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Who inherits if you die without a will?

If you die without stating your wishes, the law will determine how your assets are distributed amongst your family. The rules that govern the process are set out in the intestacy rules. And there are regional differences.

Consider a parent whose personal assets amount to more than £1m.

In England and Wales

The husband, wife or civil partner keeps all the assets (including property), up to £250,000, and all the personal possessions, whatever their value. The remainder of the estate will be shared as follows:

  • the husband, wife or civil partner gets an absolute interest in half of the remainder
  • the other half is then divided equally between the surviving children.

If a son or daughter (or other child where the deceased had a parental role) has already died, their children will inherit in their place.

In Scotland

The husband, wife or civil partner gets the house up to a value of £473,000. They also get a lump sum of £473,000 if the house is worth more and may have to sell off the property.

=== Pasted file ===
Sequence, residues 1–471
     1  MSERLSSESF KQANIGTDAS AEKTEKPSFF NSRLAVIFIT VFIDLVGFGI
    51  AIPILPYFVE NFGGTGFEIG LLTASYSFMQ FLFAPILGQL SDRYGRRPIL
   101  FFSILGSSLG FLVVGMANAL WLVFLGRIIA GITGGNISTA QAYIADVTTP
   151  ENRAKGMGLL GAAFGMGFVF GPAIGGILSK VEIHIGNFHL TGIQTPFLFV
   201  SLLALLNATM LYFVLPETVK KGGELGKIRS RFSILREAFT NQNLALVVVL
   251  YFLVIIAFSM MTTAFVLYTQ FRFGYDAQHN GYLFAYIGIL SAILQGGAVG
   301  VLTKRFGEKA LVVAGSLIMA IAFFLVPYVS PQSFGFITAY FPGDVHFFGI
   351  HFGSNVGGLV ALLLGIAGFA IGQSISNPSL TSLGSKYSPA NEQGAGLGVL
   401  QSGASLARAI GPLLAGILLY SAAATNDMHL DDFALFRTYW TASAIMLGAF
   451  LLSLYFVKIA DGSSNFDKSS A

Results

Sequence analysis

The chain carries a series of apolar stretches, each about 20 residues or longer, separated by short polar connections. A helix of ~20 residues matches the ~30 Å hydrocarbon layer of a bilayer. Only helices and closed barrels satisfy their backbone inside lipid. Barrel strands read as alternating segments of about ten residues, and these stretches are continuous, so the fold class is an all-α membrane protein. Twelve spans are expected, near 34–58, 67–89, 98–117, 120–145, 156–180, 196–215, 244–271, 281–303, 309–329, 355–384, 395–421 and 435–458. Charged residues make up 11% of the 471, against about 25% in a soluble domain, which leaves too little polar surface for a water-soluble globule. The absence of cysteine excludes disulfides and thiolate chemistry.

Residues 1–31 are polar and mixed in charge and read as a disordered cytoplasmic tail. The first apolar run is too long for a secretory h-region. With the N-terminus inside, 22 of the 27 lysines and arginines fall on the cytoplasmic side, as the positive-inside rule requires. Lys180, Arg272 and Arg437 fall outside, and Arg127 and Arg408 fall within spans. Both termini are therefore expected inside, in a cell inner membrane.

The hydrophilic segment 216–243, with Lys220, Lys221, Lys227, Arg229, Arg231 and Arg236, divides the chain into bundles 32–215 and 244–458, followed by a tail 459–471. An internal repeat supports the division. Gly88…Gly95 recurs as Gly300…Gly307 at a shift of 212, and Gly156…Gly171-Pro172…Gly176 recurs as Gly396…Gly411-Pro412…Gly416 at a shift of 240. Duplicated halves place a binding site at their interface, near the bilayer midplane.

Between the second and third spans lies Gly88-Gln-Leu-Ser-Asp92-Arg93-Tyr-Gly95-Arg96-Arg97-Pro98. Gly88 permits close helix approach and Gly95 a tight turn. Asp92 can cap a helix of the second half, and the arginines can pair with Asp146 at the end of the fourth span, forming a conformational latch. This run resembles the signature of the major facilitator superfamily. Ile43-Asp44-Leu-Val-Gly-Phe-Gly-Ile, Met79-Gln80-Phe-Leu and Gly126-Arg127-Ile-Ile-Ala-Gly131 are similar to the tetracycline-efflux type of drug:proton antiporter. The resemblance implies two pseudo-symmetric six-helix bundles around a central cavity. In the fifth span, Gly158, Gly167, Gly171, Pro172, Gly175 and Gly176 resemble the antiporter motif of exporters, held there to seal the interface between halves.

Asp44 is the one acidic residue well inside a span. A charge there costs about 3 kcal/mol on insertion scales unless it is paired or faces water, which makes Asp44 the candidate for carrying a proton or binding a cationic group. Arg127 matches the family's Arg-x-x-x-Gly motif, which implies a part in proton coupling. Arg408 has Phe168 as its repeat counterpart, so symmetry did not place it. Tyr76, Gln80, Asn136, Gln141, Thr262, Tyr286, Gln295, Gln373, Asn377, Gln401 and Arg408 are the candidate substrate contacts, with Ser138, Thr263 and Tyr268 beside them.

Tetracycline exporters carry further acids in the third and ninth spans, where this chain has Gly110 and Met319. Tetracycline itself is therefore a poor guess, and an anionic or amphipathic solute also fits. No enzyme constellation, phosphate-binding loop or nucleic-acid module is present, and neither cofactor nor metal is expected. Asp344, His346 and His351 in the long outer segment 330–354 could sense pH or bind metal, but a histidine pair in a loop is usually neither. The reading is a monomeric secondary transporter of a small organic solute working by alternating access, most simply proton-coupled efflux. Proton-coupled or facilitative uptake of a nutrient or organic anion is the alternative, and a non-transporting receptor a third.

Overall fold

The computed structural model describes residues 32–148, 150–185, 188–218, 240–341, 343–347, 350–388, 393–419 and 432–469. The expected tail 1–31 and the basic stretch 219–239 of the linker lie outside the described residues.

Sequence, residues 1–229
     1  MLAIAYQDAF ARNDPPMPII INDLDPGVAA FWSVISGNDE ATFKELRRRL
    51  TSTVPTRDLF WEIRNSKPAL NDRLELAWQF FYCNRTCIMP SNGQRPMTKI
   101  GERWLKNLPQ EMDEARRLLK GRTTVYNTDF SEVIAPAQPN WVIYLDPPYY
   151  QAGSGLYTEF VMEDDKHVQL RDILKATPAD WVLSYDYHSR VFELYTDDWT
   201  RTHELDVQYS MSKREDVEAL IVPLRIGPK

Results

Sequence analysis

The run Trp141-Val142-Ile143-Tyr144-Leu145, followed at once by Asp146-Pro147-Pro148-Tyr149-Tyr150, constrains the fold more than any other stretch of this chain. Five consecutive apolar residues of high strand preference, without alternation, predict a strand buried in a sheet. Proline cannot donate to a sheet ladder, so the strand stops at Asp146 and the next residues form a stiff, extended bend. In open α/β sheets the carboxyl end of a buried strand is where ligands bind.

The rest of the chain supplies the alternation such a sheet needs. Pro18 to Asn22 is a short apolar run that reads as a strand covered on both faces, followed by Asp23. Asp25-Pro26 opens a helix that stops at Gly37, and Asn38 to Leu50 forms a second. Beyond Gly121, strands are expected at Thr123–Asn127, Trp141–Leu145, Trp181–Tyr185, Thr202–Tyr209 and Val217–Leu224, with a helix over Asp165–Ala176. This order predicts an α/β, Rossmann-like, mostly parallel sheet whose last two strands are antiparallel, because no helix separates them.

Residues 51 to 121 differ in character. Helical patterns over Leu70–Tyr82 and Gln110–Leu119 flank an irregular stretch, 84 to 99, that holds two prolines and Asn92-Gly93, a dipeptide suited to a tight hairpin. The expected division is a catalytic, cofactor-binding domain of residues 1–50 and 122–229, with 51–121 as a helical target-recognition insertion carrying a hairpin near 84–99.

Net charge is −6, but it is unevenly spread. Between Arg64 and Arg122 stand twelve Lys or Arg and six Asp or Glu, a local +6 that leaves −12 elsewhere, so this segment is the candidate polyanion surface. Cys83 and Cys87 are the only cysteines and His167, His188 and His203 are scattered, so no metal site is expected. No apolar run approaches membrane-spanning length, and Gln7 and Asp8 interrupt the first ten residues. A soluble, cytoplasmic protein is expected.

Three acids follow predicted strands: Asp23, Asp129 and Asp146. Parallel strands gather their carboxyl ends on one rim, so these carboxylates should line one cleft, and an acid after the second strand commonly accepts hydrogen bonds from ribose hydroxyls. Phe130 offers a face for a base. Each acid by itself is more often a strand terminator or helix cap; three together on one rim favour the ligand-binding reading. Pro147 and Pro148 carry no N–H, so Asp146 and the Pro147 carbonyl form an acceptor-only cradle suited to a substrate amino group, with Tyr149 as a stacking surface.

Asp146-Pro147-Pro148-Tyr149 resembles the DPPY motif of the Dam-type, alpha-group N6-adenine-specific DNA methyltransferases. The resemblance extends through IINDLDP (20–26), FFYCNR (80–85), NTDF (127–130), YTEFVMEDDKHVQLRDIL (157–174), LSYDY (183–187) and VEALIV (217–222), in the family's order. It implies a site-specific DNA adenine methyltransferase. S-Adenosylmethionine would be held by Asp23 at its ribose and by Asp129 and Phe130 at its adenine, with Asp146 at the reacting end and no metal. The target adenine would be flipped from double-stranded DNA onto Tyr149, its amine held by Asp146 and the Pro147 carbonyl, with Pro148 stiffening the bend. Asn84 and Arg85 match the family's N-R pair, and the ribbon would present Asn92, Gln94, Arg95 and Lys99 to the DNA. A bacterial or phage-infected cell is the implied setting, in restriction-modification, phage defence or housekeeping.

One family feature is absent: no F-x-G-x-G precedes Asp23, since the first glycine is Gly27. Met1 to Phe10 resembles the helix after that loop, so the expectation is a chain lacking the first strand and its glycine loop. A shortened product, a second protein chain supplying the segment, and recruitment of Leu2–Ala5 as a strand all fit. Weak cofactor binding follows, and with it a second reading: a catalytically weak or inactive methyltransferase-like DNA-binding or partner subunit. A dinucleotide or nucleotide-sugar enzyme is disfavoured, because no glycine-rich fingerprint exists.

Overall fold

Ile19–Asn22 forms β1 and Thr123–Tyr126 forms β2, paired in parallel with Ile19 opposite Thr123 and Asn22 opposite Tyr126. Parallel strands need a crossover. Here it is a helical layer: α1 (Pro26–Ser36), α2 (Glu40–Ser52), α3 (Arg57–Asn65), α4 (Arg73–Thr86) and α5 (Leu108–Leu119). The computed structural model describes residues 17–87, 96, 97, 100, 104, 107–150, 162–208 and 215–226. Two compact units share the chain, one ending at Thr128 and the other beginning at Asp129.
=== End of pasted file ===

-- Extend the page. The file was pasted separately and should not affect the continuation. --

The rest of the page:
They also get:

  • furniture and moveable household goods up to the value of £29,000
  • up to £50,000 in cash
  • a third of the rest of the estate.

The children will get two-thirds of the rest of the estate.

If a son or daughter has already died, their children (the grandchildren of the deceased) will inherit in their place.

In Northern Ireland

The husband, wife or civil partner keeps all the assets (including property), up to £250,000, and all the personal possessions, whatever their value.

The husband, wife or civil partner must survive the deceased by at least 28 days to inherit.

They also get one third of the rest of the estate.

The remaining two-thirds are shared between their children.

If a son or daughter has already died, their children (the grandchildren of the deceased) will inherit in their place.

Make a will

As you can see, if the wishes of the deceased are going to conflict with these outcomes, there is only one course of action that will remedy the situation: make a will.

Source: DocSafe

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